Emerson, however, was not entirely satisfied. The powdered milk sometimes was a bit off-color or musty smelling, and it could be difficult to reconstitute (Smith and Emerson 1924, 939–40). Emerson kept working with the goal of "preparing a soluble product of high caloric value, the appearance of which would attain the standard of being commercially presentable" (Emerson and Platt 1933, 473). He dreamed of human milk so well preserved that it could become the basis of a commercial infant formula. This dream drew upon the recent introduction of medically derived artificial infant foods. These included Similac, a formula based on Bosworth's research and commercialized after he left the Floating Hospital in 1922. Similac had been preceded on the market in 1912 by Dextri-Maltose, a cow's milk supplement, and in 1921 by SMA, the first all-in-one infant formula, both also the result of physician-directed research (Apple 1987, 32–33, 38–39). Emerson's dream of a human milk formula that had all the convenience and susceptibility to medical control of a bovine milk formula seemed within reach.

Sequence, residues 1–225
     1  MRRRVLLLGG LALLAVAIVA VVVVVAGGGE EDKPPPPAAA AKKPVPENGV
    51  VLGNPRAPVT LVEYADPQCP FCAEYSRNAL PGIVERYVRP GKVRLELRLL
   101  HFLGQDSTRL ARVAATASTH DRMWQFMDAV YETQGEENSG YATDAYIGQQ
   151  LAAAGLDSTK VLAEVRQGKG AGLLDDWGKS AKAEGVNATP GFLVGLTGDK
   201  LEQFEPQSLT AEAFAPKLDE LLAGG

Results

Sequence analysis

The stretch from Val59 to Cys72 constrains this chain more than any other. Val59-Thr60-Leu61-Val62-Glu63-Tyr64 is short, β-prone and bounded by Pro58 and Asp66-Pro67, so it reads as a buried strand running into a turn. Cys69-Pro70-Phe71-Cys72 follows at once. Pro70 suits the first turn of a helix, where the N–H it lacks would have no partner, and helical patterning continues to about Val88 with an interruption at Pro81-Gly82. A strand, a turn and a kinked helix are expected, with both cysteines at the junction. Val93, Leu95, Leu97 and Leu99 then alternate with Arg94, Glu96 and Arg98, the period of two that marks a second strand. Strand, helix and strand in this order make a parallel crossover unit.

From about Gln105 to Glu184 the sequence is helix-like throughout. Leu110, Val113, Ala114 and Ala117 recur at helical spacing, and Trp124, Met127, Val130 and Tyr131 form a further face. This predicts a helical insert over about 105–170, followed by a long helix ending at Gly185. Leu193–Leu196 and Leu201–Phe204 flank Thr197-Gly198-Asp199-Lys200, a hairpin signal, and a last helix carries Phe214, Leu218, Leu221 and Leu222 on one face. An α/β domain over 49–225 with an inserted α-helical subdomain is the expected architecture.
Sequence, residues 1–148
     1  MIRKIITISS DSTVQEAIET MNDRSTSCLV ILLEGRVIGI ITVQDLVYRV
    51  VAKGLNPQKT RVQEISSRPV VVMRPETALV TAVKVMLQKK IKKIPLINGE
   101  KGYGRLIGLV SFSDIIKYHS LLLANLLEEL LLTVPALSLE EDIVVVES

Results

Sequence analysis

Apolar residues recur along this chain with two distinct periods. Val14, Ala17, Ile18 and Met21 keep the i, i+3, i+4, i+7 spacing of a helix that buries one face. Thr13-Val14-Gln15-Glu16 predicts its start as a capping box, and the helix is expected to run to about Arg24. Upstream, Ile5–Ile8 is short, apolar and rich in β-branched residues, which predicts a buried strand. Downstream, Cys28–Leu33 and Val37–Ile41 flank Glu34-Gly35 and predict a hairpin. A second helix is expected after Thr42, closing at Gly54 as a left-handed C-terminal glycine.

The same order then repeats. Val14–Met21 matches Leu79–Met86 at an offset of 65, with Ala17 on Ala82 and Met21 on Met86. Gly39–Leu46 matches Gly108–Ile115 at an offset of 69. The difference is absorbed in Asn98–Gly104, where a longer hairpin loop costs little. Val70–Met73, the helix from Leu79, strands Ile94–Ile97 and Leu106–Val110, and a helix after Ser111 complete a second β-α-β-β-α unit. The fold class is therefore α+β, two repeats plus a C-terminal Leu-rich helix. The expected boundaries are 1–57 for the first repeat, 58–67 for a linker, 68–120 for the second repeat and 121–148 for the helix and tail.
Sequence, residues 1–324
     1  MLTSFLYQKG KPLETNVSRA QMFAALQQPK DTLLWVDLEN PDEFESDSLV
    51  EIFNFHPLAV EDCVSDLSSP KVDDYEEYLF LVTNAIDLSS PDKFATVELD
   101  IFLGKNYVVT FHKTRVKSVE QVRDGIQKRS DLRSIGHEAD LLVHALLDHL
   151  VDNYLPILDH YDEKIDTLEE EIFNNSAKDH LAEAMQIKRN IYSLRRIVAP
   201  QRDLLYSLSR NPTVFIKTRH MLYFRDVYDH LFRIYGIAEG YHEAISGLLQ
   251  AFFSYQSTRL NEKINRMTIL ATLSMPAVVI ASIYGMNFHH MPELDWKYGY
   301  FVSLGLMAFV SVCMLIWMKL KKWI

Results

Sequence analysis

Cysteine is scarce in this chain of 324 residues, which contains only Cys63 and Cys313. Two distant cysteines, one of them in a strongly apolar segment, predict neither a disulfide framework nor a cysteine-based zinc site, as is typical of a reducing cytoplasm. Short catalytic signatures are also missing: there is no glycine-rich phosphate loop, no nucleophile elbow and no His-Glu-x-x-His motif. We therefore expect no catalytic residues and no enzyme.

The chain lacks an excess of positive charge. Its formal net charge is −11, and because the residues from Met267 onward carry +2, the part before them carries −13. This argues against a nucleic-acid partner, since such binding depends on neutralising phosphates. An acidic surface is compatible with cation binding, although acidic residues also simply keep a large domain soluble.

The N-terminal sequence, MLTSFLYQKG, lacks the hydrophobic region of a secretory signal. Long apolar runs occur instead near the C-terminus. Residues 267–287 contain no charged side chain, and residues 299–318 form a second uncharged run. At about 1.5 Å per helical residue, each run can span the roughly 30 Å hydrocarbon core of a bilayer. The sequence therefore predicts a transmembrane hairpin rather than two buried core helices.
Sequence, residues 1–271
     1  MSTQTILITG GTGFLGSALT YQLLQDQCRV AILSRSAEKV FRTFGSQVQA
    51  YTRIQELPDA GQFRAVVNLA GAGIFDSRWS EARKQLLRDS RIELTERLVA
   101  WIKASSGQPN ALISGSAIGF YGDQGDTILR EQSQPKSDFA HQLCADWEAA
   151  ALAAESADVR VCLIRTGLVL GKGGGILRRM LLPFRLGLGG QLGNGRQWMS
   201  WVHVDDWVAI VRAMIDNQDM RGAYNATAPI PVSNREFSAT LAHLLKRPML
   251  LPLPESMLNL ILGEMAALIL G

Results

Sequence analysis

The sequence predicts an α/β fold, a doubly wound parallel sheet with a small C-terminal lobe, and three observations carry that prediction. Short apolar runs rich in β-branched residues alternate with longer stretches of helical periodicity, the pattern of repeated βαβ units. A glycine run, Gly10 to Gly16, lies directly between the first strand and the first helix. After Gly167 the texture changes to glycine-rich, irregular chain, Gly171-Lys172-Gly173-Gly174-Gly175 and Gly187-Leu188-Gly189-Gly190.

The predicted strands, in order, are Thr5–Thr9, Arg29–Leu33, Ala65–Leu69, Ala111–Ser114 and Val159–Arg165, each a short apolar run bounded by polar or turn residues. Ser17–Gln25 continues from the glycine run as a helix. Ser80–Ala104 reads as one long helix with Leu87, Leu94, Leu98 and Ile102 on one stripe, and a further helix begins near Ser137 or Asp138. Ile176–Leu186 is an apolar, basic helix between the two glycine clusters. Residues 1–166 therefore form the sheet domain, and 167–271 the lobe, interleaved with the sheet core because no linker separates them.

In pursuit of this human milk technology, Emerson sought still better technology. If the roller method of drying was imperfect, perhaps the alternative spray process would work better. In the 1930s, Emerson turned to the Borden Company. One of the biggest international concerns in North America, Borden combined control of the fresh milk supply in many urban areas with the manufacture, distribution, and sale of shelf-stable milk products, including condensed milk—which it had promoted as an infant food for decades—and several brands of powdered milk (Baumgartner 1920, 3; Levenstein 1983, 79). By 1930, Borden both owned The Dry Milk Company and manufactured other spray-dried milks. It agreed to conduct research into spray-drying human milk. While Emerson reported that the initial results of spray drying were "excellent" (Emerson and Platt 1933, 473), his new collaborators had ideas of their own.